Oshawa, ON—Canada has to think deeply about the tragic history that surrounds residential schools and its effects on indigenous history. Sept. 30 marks the first National Day for Truth and Reconciliation in Canada.
The day honours the children who died at a residential school, those who survived, and their families and communities.
To recognize the day, Wolseley Canada will be creating the Wolseley Canada Indigenous Bursary to help indigenous students across Canada with funding for post-secondary education. “This is an important day to reflect on history and to consider how we can better support Indigenous communities,” says Sebastien Laforge, president of Wolseley Canada.
The bursary program is part of the Building Brighter Futures program, and provides funding for individual First Nation, Inuit and Metis students enrolled in full and part-time studies in college, university, skilled trades, apprenticeships, and technology programs. Partnered with Indspire, Wolseley has donated $25,000, which the Government of Canada will match for a total of $50,000.
The history behind National Day for Truth and Reconciliation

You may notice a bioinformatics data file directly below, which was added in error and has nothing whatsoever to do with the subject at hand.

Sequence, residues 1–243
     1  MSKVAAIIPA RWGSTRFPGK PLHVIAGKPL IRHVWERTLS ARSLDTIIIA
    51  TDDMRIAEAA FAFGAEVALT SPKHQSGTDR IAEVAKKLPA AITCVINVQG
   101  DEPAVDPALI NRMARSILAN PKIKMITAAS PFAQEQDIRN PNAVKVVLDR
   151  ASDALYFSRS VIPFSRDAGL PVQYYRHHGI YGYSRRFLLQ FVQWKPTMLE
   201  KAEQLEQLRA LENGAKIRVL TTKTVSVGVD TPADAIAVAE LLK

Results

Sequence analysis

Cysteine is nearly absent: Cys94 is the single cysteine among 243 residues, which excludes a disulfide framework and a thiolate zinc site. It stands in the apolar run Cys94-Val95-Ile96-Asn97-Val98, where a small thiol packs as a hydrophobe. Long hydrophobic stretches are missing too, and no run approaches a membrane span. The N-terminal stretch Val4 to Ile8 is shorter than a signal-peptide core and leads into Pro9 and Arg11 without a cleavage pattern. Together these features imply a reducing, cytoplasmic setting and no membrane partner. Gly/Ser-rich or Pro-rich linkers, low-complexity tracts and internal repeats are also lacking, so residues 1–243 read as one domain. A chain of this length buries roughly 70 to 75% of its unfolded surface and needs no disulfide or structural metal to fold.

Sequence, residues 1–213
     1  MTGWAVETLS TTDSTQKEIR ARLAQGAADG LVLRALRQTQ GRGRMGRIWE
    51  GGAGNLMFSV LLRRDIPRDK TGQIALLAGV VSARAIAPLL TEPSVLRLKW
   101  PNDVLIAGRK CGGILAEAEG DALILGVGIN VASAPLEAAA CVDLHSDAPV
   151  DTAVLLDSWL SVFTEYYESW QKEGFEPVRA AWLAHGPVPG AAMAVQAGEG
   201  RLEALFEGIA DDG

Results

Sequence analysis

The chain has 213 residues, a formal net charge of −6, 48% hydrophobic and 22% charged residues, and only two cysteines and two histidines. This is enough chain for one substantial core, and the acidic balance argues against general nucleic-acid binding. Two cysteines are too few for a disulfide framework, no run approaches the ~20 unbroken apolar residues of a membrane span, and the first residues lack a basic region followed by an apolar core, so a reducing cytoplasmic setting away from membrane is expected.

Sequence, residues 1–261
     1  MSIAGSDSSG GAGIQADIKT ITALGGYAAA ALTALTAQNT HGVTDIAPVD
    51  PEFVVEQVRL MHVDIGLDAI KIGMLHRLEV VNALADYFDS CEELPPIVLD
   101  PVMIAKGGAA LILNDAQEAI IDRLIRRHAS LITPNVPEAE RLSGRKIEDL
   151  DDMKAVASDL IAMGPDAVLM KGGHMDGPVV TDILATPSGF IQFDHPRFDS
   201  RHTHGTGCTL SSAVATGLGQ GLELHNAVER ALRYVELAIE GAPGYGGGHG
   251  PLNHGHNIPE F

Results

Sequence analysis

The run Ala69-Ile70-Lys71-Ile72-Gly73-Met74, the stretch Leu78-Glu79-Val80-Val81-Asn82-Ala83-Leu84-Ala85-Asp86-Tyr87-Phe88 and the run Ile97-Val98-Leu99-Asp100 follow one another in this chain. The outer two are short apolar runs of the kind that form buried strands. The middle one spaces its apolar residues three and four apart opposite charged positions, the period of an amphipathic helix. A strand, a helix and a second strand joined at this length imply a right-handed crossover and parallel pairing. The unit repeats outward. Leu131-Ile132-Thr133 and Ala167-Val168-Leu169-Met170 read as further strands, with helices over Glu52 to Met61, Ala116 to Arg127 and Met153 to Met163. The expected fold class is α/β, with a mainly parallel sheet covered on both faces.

National Day for Truth and Reconciliation was approved as a new federal statutory holiday by parliament on June 3. This was only a few days after it was reported that roughly 200 burial sites were found on a former residential school in Kamloops, B.C.
“The Day for Truth and Reconciliation honours First Nations, Inuit and Métis survivors of residential schools, their families and communities. It is a day for everyone to reflect on the steps each of us can take to move toward reconciliation and healing,” said Rick Wilson, minister of indigenous relations.
In addition to the National Day for Truth and Reconciliation, Sept. 30 also marks Orange Shirt Day, which is an Indigenous-led grassroots commemorative day that honours the children who survived residential schools and remembers those who died. This day relates to the experience of Phyllis Webstad, a Northern Secwepemc (Shuswap) from the Stswecem’c Xgat’tem First Nation, on her first day of school, where she arrived dressed in a new orange shirt, which was taken from her, states the Government of Canada.
To commemorate National Day for Truth and Reconciliation, buildings across Canada will be illuminated in orange. This will include federal buildings such as the Peace Tower on Parliament Hill.
Truth and Reconciliation Week will act as a five-day bilingual educational event for students in grades five through 12 and will feature Indigenous Elders, youth, and survivors. The event will be pre-recorded and web-casted.
The Aboriginal Peoples Television Network (APTN) Sunrise Ceremony will present a pre-taped Sunrise ceremony featuring drummers, singers, Elders and various Indigenous traditions.
To commemorate the day, the Alberta government planted a tree on legislative grounds to represent growth and continuity, renewal and life. A reconciliation garden will be planted at the same site next year.